Campfires are a loved and indispensable outdoor tradition. Most campers have a campfire in the evening even if they don't plan on using it for cooking purposes. Its' always fun to tell stories while roasting marshmallows around a campfire; However, campfires can pose some serious problems. If this is your only way to cook, you just might go hungry if it rains. On the other hand, most outdoor camping stoves work well in all types of weather.
Campfire cooking is much different from cooking on an outdoor camping stove or outdoor portable grill. Campfire cooking is not for the person that is in a hurry to eat. It takes time to get the fire going and build up some coals for heat; However, it can be more rewarding as a campfire can be serenading with its' warmth, light, color, and is just relaxing. There is no way a camping stove can duplicate these. While some people want to use the flames to cook with, others prefer the heat from the coals for cooking.
If you are going to use a campfire to cook with, you will have to monitor your food much more closely from start to finish, campfires generate a lot of heat which will cause your food to burn much quicker. Whereas a camping stoves heat can be adjusted easily by the turn of a knob, you will have to spread the coals further apart to lower the heat in a campfire; However, this is not that easy and you will not get quick results. It is better to just have a way to move the food further away from the heat. A cooking grate like the Stansport Heavy Duty Camp Grill is highly recommended to place your food on, this allows stability for your food and makes it easier to move the food closer or further away from the heat.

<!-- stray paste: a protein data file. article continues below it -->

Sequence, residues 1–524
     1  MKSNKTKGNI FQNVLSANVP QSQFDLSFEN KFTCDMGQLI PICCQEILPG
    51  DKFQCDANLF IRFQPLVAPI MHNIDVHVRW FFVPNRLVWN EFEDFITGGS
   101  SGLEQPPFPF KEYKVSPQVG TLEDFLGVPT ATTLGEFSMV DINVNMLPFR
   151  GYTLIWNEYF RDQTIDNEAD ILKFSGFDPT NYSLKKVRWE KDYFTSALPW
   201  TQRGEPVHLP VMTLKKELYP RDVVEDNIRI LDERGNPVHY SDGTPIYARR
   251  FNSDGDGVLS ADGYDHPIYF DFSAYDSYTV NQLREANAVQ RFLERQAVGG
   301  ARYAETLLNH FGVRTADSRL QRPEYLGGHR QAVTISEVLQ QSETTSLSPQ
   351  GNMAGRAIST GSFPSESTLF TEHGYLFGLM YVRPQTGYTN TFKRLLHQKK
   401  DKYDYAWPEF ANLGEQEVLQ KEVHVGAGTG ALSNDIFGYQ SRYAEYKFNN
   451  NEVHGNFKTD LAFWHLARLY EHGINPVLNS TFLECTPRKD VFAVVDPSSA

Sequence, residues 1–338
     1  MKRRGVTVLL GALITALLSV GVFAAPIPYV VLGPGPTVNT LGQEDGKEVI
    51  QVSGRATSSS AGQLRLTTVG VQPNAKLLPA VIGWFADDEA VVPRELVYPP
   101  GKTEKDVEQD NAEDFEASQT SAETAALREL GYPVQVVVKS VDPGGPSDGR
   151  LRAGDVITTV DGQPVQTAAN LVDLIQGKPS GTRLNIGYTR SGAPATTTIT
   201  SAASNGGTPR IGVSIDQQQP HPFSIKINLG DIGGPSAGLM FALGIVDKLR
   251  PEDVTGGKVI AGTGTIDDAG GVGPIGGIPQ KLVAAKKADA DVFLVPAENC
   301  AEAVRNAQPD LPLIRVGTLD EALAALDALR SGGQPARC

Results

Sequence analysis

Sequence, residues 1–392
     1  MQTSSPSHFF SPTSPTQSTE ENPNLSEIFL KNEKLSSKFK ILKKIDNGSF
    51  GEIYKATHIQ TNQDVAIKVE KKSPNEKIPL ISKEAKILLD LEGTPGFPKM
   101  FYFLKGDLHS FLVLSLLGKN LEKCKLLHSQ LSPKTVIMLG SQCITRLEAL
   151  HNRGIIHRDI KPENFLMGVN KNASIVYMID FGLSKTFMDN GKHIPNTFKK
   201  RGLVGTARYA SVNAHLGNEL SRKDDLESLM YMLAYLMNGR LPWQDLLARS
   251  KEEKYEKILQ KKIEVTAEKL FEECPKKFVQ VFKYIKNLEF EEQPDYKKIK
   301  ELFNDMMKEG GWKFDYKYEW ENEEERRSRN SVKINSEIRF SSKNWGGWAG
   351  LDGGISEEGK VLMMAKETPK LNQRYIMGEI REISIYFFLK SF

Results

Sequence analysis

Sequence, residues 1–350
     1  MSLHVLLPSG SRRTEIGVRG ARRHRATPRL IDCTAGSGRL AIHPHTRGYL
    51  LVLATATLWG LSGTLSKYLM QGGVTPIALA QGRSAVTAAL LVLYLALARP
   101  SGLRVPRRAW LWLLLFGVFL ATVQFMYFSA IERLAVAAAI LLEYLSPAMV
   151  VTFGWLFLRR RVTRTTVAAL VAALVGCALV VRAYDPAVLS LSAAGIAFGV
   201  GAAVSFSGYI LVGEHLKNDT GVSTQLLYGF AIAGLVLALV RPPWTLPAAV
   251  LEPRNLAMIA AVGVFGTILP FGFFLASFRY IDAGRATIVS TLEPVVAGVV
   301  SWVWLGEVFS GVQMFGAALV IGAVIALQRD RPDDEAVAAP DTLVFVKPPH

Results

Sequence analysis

Be prepared to spend more time on cleanup with campfire cooking. Campfire cooking will get your pots much dirtier than an outdoor camping stove will. Soot will build up and is much harder to clean off. Besides, most backpackers don't like the smell of smoke getting in all their gear. Even worse, sparks from the fire can burn camping gear. Also, campfires make it virtually impossible for the leave no trace ethic that many campers abide by. Try and only use a campfire if a campfire ring is available and if there is not a no fire burn restriction at the time.
If you plan on using an open fire to do the cooking on, it would be wise to always carry some type of outdoor camping stove or portable outdoor grill with you, unexpected weather changes or fire bans can put a damper on campfires. Also if you plan on building a campfire to cook with or just for lazing around, you need to abide by all campfire rules and never leave the fire unattended.